Things That Matter

These Are The Five Emerging Coronavirus Variants That Worry Health Experts The Most

As soon as the latest strain of coronavirus that caused COVID-19 infection burst onto the world stage in late 2019, medical experts and scientists knew it was bad. However, most in the medical community also thought the virus was stable and would resist mutations – which could buy us time while we develop treatments and vaccines.

Researchers were only partly right. The virus is definitely bad—but it is not so stable after all. Ever since jumping from animals to humans, the virus has been undergoing rapid shifts in mutations leading to several new variants of the original virus in recent months.

The COVID-19 virus is rapidly mutating and presenting challenges for researchers and our vaccine roll out.

Since the pandemic began, new viral versions of the virus have been popping up in communities around the world, and in some cases have outcompeted the existing variants. Although improved surveillance and sequencing efforts might partly explain why these variants are appearing now, some repetition in their patterns suggest the mutations are not random.

“What we’re seeing is similar mutations arising in multiple places,” Adam Lauring, a virologist at the University of Michigan, told Scientific American. “That’s pretty suggestive that these mutations are doing something.”

Most of these mutations in the virus seem to help the virus transmit more rapidly and evade the body’s immune system. In fact, in January, researchers reported for the first time that antibodies from individuals with COVID did not completely neutralize a variant first identified in South Africa. A few people who recovered from the disease also appear to have been reinfected with the mutant virus.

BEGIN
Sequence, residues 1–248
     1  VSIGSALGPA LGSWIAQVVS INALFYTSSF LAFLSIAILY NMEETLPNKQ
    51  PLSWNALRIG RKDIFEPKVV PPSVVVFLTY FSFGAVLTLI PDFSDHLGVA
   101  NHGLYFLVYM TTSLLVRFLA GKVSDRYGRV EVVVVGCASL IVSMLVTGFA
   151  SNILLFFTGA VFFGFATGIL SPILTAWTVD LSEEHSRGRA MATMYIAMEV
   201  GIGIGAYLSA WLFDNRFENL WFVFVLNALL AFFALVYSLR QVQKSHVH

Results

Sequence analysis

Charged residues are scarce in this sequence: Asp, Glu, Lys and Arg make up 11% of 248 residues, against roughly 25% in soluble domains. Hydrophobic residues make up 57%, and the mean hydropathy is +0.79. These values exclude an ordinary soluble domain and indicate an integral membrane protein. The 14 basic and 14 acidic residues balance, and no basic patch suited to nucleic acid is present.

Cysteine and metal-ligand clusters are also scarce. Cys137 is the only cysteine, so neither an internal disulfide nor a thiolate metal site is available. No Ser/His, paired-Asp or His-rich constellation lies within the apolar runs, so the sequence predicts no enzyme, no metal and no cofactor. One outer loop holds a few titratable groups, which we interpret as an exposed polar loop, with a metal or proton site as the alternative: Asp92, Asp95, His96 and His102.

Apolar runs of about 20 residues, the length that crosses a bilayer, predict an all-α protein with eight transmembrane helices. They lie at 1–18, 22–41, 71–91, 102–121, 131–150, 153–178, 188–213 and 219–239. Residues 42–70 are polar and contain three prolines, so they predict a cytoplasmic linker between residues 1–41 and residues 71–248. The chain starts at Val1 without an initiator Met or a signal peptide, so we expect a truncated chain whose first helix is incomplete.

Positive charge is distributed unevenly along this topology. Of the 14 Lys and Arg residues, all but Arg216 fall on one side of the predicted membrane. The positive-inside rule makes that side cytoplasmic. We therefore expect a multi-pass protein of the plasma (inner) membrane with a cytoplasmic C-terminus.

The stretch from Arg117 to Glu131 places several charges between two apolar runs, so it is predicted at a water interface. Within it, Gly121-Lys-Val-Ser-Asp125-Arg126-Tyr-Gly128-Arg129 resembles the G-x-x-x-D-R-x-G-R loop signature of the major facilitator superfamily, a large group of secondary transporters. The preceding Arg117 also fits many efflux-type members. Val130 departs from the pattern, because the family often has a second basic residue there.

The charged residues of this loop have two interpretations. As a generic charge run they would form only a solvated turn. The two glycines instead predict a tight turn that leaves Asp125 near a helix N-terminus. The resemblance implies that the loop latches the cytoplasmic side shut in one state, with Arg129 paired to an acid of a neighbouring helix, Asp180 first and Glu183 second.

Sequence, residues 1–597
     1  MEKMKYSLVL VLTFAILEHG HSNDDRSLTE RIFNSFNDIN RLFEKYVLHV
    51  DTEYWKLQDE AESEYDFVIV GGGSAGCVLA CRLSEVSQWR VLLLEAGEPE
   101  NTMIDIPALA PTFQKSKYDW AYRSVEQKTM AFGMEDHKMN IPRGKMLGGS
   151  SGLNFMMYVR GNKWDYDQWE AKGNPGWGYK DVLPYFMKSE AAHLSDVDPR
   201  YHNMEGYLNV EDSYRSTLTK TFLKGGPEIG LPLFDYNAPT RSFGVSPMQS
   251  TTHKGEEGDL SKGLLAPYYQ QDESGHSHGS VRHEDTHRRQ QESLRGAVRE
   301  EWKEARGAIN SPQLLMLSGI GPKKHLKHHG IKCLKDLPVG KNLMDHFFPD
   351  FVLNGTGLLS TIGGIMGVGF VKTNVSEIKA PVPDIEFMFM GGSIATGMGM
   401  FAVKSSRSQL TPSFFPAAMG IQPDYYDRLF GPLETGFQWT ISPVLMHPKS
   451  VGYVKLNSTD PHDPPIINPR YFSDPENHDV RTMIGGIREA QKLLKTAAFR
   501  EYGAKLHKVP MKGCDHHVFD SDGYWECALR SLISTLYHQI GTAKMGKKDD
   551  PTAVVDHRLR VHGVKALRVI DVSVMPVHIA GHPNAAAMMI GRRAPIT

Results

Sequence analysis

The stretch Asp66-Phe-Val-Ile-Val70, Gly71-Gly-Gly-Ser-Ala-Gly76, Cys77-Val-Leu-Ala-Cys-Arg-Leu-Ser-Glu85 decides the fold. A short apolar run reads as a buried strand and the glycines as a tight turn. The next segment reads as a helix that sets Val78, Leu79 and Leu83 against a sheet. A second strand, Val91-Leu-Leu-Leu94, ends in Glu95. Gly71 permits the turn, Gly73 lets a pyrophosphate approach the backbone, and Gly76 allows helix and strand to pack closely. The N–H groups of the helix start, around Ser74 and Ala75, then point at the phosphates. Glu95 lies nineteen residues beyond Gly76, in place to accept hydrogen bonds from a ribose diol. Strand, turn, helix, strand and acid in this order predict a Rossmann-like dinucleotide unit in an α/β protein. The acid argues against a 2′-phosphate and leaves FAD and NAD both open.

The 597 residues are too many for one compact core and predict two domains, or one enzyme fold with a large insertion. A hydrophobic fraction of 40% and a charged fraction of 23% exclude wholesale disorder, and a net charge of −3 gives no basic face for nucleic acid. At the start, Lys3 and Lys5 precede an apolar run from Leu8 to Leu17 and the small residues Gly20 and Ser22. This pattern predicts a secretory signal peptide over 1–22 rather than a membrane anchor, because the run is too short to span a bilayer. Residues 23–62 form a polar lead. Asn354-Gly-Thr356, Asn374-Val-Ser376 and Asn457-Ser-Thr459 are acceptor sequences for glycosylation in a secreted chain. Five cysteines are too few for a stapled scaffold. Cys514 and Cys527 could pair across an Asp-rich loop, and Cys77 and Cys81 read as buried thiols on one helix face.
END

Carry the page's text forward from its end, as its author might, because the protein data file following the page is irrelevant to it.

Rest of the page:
But which variants of the virus have scientists most worried and why?

SPAIN

The 20A.EU1 variant, first identified in Spain, contains a mutation called A222V on the viral spike protein. The spike is a component of SARS-CoV-2 that binds to a receptor on human cells called ACE2, and this attachment helps the virus get inside those cells and infect them.

This spike protein is also what is targeted by human antibodies when they fight back against the infection. Over the course of several months, the 20A.EU1 variant became the dominant one in Europe. Epidemiologists never saw any evidence that it was more transmissible than the original, however. Researchers believe that when Europe began lifting travel restrictions last summer, the variant that was dominant in Spain spread across the continent.

U.K.

Scientists in the U.K. had been watching the B.1.1.7 variant for some time before announcing in December that it might be at least 50 percent more transmissible than the original form. That announcement was based on data that showed the virus rapidly spreading throughout the nation. And it led to international travel bans and stronger lockdown measures in the U.K.

South Africa

The B.1.351 variant appeared around the same time as B.1.1.7 in the U.K., and it spread quickly in South Africa to become the dominant version in that country. But scientists are most concerned about its E484K mutation which may help the virus evade the immune system and vaccines.